3) Where does Spider-Man go to help him make the hardest choice in his life, namely, abandoning his own will and tendency to embrace power for vengeance? That’s right: the Church. And it’s clearly a Catholic church. This isn’t something Sam Raimi cooked up: the Catholic church setting is in the Spider-Man comics [just look at this page] and animated TV show. Thank heaven it also makes it into the movie, even if it appears a bit random because it doesn’t receive much preparation. Nonetheless, Spider-Man does stumble into that Church bell tower to purge his inner demons, and by almost haphazardly knocking into the bell, is purged of the symbiote.

An added level to this message that I hadn’t noticed before is how Eddie Brock, in the same church, takes on Venom. Eddie, however, walks into the Church determinedly asking God to “kill Peter Parker.” In other words, the Chu
rch isn’t a safe-zone from personal evil, and someone can go there for the wrong reasons and receive nothing but evil as a result. I’m sure there’s more going on in this scene, but I’d have to see the movie again to catch them.

4) The redemption of Harry Osborn. Though he shares in the tragedy of his father, he emerges triumphant from his trials by choosing self-sacrifice. His father died trying to kill Peter, but all he did was kill himself, indeed, he died by his own blade. Harry, however, dies trying to save Peter, and even though he also dies by his own blade, his death is honorable. Even though the physical results are identical in both cases, what matters is the moral decisions that brought the persons to their ultimate end. Brilliant, rich, and beautiful.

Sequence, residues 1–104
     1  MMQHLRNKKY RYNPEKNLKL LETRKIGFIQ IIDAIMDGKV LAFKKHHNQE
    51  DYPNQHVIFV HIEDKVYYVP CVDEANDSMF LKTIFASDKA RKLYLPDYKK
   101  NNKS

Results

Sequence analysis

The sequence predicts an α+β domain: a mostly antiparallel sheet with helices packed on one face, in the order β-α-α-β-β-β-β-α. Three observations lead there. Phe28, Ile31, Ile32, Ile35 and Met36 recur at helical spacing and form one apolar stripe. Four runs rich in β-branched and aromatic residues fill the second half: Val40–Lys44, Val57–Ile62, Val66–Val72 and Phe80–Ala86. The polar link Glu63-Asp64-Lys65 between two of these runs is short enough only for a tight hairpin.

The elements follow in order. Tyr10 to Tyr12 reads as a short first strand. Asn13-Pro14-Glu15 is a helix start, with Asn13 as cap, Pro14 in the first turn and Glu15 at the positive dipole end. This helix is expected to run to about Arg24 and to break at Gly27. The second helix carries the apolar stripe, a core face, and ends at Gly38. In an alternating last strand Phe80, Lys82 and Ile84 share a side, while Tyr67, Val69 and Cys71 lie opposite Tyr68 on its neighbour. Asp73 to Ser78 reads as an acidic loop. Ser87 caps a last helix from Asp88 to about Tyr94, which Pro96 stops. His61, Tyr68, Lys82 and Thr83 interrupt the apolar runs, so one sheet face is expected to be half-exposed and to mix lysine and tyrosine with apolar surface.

5) Harry’s downfall through egoism. Peter has always been the young superhero who has powers that outstrip his maturity. In growing into his powers he falls in the classic trap for the talented and accomplished: egoism. This has a direct negative effect on his relationship with Mary Jane, as it prevents him caring for her in anything approaching an adequate manner. The solution to this problem isn’t achieved overnight – Aunt May doesn’t offer a quick solution when she councils Peter, she says it will take time (and Peter and Mary Jane aren’t together by the end of the movie, contrary to what we expect).

If Ben Parker’s one-liner in Spider-Man 3 was “With great power, comes great responsibility,” Aunt May’s one-liner in Spider-Man 3 is “A husband must be willing to put his wife before himself.” The line is repeated again, including once by Parker. Of course, that’s good advice for marriage, especially since it emphasizes that this state of affairs is the result of a conscientious and mature choice (not just a feeling which could fade). Peter’s battle with his own will, and conquering it, is only the first step towards offering his will up entirely. And before he’s ready to take the next step with his love, he has to order himself. Again, I’m sure there is more here than I found the first time.

I’d heartily encourage older teenagers and young adults to see this movie. If anthing else, the beginning of your summer deserves an action flick which earns high marks in terms of appeal, thoughtfulness and even beauty.

AmP Score: 4.5/5.